Naturally, you want to present yourself in the best possible light to build any relationship. If you were having photos taken, you wouldn’t show up in sweatpants and yell about your recent breakup. In the same way, when you’re at the keyboard it can be tempting to vent – but when you’re feeling negative, it’s best to step away from the internet. If nobody replies, that doesn’t mean that nobody saw the post. And Google never forgets.

2. Everything in moderation.

One of the wonderful things about social media is how accessible it is. It’s very tempting to think “Well, I’ll be open! All the way open!” and start posting hourly copies of your resume on your potential employer’s Facebook wall, because fortune favors the bold and persistent!

Good start, but let’s examine it closely. The worst thing the company rep can say is not “No,” but “Hey, everyone I know privately? This guy won’t leave me alone, and he won’t take a hint.” When you’re looking at a Facebook page, it’s easy to think of the company as just one entity when, instead, it’s many people behind a united front. Any employee could be reading their company’s Facebook page – including the CEO. You never know who could be reading, and just as importantly, who their friends and coworkers are. Persistence and boldness is fantastic; just make sure that you’re not overdoing it.

3. Better safe than unemployed.

Let’s say you make an insightful comment on a site like the Escapist, which has Facebook sign-in, and an HR manager decides to click on your name and see what you’re all about… only to see a picture of you shirtless, kneeling on your ironing board, with two forties of malt liquor in each hand.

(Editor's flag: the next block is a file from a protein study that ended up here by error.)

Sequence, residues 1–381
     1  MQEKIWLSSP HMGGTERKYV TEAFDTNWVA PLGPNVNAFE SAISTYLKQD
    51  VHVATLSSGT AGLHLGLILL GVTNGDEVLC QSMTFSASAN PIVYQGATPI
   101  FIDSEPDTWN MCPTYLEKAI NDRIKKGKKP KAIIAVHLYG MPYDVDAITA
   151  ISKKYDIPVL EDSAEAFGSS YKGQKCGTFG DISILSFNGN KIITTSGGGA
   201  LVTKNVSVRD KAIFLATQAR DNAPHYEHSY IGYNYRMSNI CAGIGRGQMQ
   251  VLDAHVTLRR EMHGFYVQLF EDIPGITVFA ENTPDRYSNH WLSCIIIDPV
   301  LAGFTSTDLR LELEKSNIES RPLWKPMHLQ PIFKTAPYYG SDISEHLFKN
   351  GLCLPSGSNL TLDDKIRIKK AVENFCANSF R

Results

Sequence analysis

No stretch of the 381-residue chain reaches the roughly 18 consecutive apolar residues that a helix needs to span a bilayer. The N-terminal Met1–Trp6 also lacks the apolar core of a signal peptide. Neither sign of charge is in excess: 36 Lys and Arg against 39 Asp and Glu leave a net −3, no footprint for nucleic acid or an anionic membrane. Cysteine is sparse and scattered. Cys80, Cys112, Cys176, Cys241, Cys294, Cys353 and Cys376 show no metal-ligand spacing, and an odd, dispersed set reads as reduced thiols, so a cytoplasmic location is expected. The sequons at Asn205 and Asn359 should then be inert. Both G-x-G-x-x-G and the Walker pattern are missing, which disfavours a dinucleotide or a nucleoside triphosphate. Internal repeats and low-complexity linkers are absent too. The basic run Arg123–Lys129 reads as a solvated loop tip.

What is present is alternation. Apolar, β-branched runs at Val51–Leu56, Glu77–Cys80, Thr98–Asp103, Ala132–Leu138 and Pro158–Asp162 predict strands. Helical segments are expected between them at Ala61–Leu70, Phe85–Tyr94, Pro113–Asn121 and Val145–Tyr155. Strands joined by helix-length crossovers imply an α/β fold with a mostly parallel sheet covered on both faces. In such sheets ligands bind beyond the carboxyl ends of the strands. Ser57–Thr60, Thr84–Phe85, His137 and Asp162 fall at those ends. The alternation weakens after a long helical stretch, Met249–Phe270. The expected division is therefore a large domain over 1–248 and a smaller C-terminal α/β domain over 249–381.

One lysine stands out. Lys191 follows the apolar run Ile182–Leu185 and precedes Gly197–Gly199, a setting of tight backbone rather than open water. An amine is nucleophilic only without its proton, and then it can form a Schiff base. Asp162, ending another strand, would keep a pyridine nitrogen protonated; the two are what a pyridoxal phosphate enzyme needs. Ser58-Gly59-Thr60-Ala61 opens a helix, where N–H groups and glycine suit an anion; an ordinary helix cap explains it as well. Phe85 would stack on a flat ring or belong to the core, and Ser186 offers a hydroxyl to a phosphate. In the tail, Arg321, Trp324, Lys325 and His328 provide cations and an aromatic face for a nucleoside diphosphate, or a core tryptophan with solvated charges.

That sounds exaggerated, but it’s true to life. Potential employers can track your statements back to you even if you don’t post them with Facebook. Have a screenname? Chances are you’re not as protected as you think. It’s better to be careful than assume you’re safe and regret it. By the same token, make sure that your online identity is you and only you – if you have a common name, claim it in as many places as you can. The last thing you want is to be burned by mistaken identity.

4. Be interesting, because it attracts interesting people.

That said, social media is a two-way street. Companies post media for their communities, but so can you. Think about what gets you to click ‘Like’ – projects and content that appeals to your passions, right? The best way to generate word of mouth is to make something that you’re passionate about… because odds are good you’re not the only one. Share your interesting work – because if you don’t share it, how is anyone else supposed to?

Start a Conversation

5. Interact, don’t broadcast.

Again, sharing content is a balancing act. On the one hand, it’s easy to undershare. On the other, it’s easy to overshare <em>the wrong thing</em>. In other words, if you share every minute detail of a project, you will be tuned out. It’s nothing personal – you’ve done the same to spam. However, if you take the time to find something interesting within each detail and introduce it, then people will take the time to comment. To get them to stick around – the most important part – you have to listen to what they say, take it seriously when replying, and make them feel like a part of something bigger.